Words: Wet ‘N’ Dry SUP Club
Pics Wet ‘N’ Dry, Georgia Wharton
Duncan Slater is one half the organiser (his other half El is the, er, other half) of Wet ‘N’ Dry SUP Club. A relaxed collection of paddlers the east coast based SUP club attracts a regular crew and their Wednesday night get togethers are popular social gatherings. We caught up with Dunc to get the low down.
- Tell us a little about the club’s history – how did it come about and how did you get involved?
We’d done a couple of group paddles before, but I guess we properly started in 2011. Having been two of the first guys to SUP around here, Jamie from Wet’n’Dry Boardsports (see www.wetndryboarsports.com) and I were hooked, did our instructor tickets and started looking for suitable venues for teaching in various conditions. Wednesday evenings naturally became our regular midweek meet when we’d paddle for a couple of hours after work, usually followed by a swift pint. Soon enough a few friends had joined in too, so we decided to open it up it as a ‘club’. Initially it was just customers from the shop, but numbers really began to rise when we started calling our paddles on a Facebook page…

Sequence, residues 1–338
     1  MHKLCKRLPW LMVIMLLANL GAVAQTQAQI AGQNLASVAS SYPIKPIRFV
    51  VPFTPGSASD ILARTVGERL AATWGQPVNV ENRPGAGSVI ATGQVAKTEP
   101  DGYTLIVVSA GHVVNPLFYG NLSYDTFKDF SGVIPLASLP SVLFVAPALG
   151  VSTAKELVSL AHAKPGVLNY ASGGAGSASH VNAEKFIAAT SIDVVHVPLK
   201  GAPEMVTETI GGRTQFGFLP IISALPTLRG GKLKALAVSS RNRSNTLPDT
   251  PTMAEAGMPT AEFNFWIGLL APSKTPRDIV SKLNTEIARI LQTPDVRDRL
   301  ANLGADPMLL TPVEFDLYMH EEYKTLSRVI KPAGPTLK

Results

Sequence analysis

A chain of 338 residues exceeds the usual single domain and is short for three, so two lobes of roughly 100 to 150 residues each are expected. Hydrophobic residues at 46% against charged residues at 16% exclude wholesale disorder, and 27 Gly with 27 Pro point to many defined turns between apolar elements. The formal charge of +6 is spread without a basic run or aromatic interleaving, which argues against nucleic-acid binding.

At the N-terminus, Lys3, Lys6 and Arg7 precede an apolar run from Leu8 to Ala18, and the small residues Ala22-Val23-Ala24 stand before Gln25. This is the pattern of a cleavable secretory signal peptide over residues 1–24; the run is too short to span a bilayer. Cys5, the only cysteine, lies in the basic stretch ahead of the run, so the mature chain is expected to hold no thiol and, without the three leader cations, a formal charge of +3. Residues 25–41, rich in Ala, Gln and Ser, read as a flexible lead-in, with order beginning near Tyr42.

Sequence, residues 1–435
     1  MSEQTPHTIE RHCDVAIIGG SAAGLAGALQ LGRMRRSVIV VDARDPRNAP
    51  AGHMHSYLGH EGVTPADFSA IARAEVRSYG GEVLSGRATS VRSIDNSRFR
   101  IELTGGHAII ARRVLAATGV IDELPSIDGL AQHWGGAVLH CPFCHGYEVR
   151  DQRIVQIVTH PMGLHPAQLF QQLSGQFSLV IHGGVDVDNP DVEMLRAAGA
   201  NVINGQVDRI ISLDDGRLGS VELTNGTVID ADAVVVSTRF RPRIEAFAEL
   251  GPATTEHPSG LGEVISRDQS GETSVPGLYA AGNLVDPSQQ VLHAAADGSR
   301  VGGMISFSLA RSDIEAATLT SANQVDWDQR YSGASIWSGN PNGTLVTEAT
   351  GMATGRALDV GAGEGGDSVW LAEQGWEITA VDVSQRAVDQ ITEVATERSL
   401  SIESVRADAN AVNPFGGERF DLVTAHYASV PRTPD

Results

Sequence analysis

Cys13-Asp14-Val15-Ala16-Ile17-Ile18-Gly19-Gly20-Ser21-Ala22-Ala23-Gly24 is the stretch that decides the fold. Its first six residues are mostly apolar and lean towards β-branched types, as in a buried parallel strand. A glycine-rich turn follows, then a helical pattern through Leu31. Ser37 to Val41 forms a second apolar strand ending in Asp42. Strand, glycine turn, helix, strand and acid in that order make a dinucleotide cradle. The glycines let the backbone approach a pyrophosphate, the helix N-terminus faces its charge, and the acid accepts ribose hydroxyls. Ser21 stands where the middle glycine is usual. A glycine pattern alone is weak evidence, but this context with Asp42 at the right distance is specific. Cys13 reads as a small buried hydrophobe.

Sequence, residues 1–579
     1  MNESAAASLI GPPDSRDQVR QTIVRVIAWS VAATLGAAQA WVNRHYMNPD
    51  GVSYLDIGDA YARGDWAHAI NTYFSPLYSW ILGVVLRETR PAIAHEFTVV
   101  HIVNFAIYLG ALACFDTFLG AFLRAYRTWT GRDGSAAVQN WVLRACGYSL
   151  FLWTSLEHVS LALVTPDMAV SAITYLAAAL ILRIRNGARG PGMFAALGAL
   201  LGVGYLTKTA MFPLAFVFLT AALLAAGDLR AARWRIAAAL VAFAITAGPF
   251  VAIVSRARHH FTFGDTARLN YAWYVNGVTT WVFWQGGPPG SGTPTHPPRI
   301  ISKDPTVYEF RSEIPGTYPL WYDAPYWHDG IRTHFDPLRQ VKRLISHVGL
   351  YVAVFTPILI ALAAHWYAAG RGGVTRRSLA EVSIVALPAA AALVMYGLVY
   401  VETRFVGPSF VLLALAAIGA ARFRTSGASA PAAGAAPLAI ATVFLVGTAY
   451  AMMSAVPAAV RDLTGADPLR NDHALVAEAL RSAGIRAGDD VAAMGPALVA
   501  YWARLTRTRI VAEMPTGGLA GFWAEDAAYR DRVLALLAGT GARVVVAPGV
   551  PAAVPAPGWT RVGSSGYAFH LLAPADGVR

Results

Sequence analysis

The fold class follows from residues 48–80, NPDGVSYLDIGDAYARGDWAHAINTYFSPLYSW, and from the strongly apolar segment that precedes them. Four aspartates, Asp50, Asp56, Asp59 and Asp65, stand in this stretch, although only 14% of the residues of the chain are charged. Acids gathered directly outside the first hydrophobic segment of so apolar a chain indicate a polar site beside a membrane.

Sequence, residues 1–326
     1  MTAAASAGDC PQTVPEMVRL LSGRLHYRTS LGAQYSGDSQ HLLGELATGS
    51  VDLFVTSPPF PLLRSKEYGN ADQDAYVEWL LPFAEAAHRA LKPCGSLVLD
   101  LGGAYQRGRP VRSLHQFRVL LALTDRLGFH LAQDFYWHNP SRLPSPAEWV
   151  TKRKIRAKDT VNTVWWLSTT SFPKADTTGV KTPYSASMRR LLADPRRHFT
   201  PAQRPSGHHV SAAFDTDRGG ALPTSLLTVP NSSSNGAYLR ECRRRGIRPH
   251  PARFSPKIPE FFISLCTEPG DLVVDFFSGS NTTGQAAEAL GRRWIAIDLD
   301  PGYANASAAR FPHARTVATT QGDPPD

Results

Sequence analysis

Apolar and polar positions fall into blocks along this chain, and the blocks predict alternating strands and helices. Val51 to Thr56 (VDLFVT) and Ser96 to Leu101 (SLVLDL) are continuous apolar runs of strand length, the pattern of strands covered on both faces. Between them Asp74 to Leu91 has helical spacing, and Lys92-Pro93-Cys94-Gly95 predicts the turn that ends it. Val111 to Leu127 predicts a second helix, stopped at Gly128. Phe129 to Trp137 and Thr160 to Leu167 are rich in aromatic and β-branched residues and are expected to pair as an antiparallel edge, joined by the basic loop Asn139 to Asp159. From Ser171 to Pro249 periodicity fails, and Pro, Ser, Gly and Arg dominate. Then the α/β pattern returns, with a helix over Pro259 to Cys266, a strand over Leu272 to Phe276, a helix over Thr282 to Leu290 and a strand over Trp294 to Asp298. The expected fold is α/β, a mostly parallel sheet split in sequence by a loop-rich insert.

- What’s the club’s ethos and how do you see the Wet’n’Dry SUP club evolving in 2016?
We’re really informal, don’t charge a fee and are open to anyone who knows how to paddle already! We try to be as relaxed and inclusive as possible, aiming to encourage people out and make everyone feel welcome. Our core is the Wednesday evening ‘SUP Club’, which is a social affair, and we move to viable Sundays after the clocks go back for winter. This season we aim to stretch to a few longer-distance tours and maybe some race training nights – but our main event is always going to be that all-inclusive SUP Club night.
- How many members do you currently have? Any stand-out up and upcoming talent you’ve identified? Or is it more about social paddling rather than competitive SUP?
As we’re not officially a club, we don’t technically have any members at all! But we must have welcomed well over 100 paddlers to SUP Club by now; our biggest night was 50+, with a regular turnout of 20-30 in the summer. Overall, we’re much more about social paddling and getting people involved than competition, but we do have a few useful racers amongst us. As a team we’re very proud to have finished third at the last couple of BSUPA National SUP Club Championships (OK, technically fourth on countback last year, but we were tied equal third with Bray Lake on points!)
- What type of stand up do most of Wet’n’Dry’s members participate in?
Recreational flat-water probably best sums us up. Definitely a handful of us are into waves, but we’re such a long way from any sort of reliable surf (normally via the M25 too!) that we haven’t taken the club that way. Conditions out here are brilliant for touring, distance and race training, so making the best of what we’ve got, that’s really our thing. But week-to-week it’s all about getting out there with a sociable bunch of other paddlers. Oh, and usually a cheeky drink afterwards too…